Alain Cavalier’s “Le combat dans l’île” is the wrong length. At 104 minutes, the estimable 1962 French New Wave drama sizzles with the intrigue of a mystery and the urgency of a political thriller, but still maturely plumbs the romantic entanglements of a complex love triangle. Centering on an assassination attempt, the movie is packed with a cornucopia of disparate elements, including union strife, an international manhunt, illness, a theater production and a vengeful duel. Reportedly intended as an indictment of French right-wing fervency in the early 1960s, “Le combat dans l’île” works just as well, if not better, when it is simply the compelling story about the mysterious inflections of the heart. It’s audacious filmmaking for a debut film. But Cavalier would have been well served to give his feature some slack. I’m not a fan of films padding extraneously, but “Le combat” could have easily added half an hour without trying a viewer’s patience — the three engaging main characters are intriguing enough to warrant deeper inspection and the events which embroil them are amply sturdy and significant to support more penetrating scrutiny.
With eyebrows like a swan’s unfurled wings, Romy Schneider plays the restless Anne, a bored Parisian housewife in her early 20s, with a coquettish flourish. (Schneider, who was on her way at the age of 24 to forging a reputation as one of Europe’s most coveted actresses, possesses a seductive allure which suggests Simone Signoret’s younger sister.) Anne has been married for just a few years to Clément, a cinched-up, dour, industrialist’s son just a tad older than her who quits the family business to covertly scheme for a violent anti-communist, anti-democratic extremist group. Jean-Louis Trintignant portrays Clément with his signature placid, inscrutable face (which he’d use to magnificent effect later in the decade as The Examining Magistrate in 1969’s “Z”).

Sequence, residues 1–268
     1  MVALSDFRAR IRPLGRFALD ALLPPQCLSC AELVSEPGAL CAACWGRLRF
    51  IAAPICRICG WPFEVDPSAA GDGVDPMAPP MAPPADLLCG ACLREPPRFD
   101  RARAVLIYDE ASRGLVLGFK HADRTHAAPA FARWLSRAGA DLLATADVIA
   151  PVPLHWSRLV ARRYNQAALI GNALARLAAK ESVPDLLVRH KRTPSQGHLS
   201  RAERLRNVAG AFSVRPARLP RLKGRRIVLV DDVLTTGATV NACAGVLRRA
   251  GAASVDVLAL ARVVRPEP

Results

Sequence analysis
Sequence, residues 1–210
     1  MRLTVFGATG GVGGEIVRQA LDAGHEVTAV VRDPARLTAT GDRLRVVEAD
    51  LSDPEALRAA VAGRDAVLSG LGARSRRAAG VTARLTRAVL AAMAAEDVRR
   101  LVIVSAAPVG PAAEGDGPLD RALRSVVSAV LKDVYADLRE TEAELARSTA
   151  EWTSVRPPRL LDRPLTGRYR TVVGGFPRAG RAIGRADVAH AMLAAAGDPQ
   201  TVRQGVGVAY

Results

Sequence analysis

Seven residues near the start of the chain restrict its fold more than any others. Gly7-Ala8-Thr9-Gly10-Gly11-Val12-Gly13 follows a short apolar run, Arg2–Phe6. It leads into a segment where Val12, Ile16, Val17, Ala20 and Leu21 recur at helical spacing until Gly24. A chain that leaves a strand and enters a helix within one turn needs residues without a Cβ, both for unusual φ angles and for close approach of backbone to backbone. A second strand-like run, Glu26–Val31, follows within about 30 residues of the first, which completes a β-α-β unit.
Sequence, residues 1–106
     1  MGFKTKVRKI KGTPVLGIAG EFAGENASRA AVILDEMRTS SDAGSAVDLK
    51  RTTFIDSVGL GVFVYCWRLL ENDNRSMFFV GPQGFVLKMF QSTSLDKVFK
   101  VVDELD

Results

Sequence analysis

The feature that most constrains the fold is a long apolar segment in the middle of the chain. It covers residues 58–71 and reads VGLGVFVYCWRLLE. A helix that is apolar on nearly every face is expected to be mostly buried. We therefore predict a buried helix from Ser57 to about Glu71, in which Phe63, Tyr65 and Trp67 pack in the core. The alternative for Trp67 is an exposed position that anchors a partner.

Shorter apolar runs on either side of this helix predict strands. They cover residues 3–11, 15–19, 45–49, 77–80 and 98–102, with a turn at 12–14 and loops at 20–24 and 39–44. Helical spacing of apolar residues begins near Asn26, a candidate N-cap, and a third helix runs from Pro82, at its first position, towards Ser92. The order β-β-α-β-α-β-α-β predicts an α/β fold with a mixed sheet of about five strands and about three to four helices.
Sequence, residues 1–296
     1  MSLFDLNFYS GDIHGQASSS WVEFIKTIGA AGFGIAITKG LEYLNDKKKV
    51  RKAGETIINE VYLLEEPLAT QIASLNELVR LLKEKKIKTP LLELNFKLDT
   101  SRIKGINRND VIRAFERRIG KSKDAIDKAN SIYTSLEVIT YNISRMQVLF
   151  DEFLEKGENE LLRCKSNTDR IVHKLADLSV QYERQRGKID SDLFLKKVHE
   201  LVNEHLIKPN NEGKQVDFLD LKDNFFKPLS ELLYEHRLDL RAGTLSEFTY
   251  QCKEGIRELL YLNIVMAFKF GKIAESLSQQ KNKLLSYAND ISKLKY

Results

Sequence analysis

When the couple does venture out to places which enthrall Anne, like smoky jazz clubs, the former actress is back in her element while hubby seethes. A bubbly persona with a penchant for champagne, her flirting may be inconsiderate but his reaction is brutish; Clément treats governments and love interests by a single authoritarian mantra: “power must be seized.”
The film provides no back story to their relationship, so it’s hard to imagine how they met. Yet Schneider and Trintignant are such strong presences that they intensely convey the way seemingly mismatched couples can become concatenated. This ill-fitting union possesses its own personal kinesis so that even steely eyes can seduce. But those seductive moments are fleeting.
Anne may be looking for excitement, but a search of a hallway closet unearths an entirely unexpected discovery, a carefully-wrapped bazooka. Clément passes off the weapon’s importance; Anne seems less distressed by the munitions than the fact that despite the sparing moments of consuming passion, her husband is a dud. Soon after, Clément carries out a heinous, politically-motivated terrorist act.